The International Panel of Experts on Sustainable Food Systems (IPES-Food) recently released a special report on the war against Ukraine. It finds that the war has resulted in a third global food price spike in 15 years. The report outlines the crisis’ structural causes and recommends solutions that will make the food system more resilient in the future.
Using modeling by the U.N. Food and Agriculture Organization (FAO), authors of the IPES-Food report believe it is increasingly likely that an additional 13.1 million people around the world will face undernourishment. This includes 6.4 million in the Asia-Pacific region and 5.1 million in Sub-Saharan Africa.
In recent weeks, global food prices have reached historic highs since the FAO first began recording them. And the FAO reports that prices are 34 percent higher than this time last year.
The IPES-Food report argues that “a number of underlying rigidities, weaknesses, and flaws in global food systems are amplifying the effects of the Ukraine conflict on food security.”
“Although the war in Ukraine has created major supply disruptions, and the situation is still deteriorating, there is not a global food shortage at the present time,” Nick Jacobs, Director of IPES-Food and a co-author on the report, tells Food Tank. “The real problem is that most of the world’s grain reserves are in the hands of big corporations, and they have little interest in disclosing those stocks or releasing them while prices are still rising.”
Jacobs goes on to say that “uncertainty allows financial speculators to bet on food commodities, driving up real-world prices even further, and leaving low-income countries unable to afford to import the staple foods on which their populations depend.”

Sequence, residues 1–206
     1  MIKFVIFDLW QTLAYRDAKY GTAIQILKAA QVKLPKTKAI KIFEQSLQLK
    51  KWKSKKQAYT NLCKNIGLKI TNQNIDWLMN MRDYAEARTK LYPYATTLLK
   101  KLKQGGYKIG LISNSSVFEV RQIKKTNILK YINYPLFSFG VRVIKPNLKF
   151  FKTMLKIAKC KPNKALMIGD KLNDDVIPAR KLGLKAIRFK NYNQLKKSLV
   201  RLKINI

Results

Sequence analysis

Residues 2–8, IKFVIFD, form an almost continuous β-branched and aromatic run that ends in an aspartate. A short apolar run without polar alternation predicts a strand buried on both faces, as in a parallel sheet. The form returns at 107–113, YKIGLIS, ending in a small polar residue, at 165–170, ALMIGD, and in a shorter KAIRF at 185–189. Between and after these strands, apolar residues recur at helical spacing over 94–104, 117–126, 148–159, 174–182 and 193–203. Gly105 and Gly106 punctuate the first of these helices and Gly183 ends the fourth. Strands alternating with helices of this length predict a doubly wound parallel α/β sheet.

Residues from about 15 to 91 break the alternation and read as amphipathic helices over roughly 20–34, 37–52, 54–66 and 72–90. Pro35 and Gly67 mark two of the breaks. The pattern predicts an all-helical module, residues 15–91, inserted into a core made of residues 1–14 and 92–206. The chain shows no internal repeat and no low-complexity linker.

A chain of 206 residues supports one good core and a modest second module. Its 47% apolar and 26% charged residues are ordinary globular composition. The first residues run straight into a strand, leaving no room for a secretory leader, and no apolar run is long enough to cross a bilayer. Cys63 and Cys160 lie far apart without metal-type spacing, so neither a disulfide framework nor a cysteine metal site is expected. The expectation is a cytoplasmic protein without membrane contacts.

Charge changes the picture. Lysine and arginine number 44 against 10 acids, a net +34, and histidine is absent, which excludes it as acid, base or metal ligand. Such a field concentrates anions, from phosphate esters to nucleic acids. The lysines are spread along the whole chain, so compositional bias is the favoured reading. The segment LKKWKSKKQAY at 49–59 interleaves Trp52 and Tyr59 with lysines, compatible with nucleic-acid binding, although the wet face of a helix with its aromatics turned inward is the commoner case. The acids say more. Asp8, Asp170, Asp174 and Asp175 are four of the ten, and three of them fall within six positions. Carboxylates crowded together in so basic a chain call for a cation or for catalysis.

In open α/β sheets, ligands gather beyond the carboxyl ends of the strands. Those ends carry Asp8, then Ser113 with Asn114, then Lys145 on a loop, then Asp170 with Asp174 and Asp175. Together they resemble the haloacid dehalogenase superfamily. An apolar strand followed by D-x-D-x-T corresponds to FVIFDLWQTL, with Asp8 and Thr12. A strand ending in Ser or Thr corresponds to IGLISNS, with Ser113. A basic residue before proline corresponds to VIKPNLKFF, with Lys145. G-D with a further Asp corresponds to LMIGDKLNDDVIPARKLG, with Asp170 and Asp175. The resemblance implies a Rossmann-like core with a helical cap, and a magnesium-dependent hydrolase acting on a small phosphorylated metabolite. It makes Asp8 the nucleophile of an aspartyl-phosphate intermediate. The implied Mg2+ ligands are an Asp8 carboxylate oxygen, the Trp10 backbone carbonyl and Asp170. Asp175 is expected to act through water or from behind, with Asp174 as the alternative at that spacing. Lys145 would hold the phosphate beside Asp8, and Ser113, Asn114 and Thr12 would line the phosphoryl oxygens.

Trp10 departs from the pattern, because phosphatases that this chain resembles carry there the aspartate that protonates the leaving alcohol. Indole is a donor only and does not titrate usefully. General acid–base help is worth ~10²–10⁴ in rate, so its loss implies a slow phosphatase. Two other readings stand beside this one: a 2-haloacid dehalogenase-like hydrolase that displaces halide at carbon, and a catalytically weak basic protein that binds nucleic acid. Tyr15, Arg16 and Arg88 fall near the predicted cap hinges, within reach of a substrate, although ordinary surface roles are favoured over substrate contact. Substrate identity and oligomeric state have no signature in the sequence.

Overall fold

In response to rising import costs, countries are calling on their farmers to shift production patterns to focus on products that can be consumed locally. But systemic obstacles make this shift challenging for many farmers.
The preferences of commodity buyers and investors often determine production patterns. Reliance on synthetic fertilizers also restricts farmers to their current production systems.
Following the 2007-2008 global food price crisis when wheat and rice prices nearly doubled, Jacobs explains that countries have taken some steps to build resilience to shocks, including rebuilding grain reserves. But, he argues, nothing has gone far enough. “As a result, we’ve sleepwalked into a repeat of the last food price crisis.”
The report provides several recommendations to prevent the worst of the current crisis and build resilience. Jacobs tells Food Tank that “our key message here is that we don’t need to trade off short-term needs and long-term imperatives.”
The authors call for supporting net food importing countries, including through debt relief programs, diversifying food production, restructuring trade flows, cracking down on commodity speculation and forcing grain traders to disclose stocks. They also recommend accelerating the development of regional grain reserves and reducing farmers’ reliance on fertilizers. These actions, the authors argue, will make the global food system more resilient and able to avoid future food price crises.
“It’s becoming clear that this isn’t a one-off shock,” Jacobs tells Food Tank. With progress on addressing global hunger grinding to a halt over the last six to seven years and the going into reverse due to the COVID-19 pandemic, Jacobs warns that “What we’re seeing now is an acceleration of that trend. Even when this conflict ends, the same underlying fragilities will be there, including vulnerability to climate shocks.”
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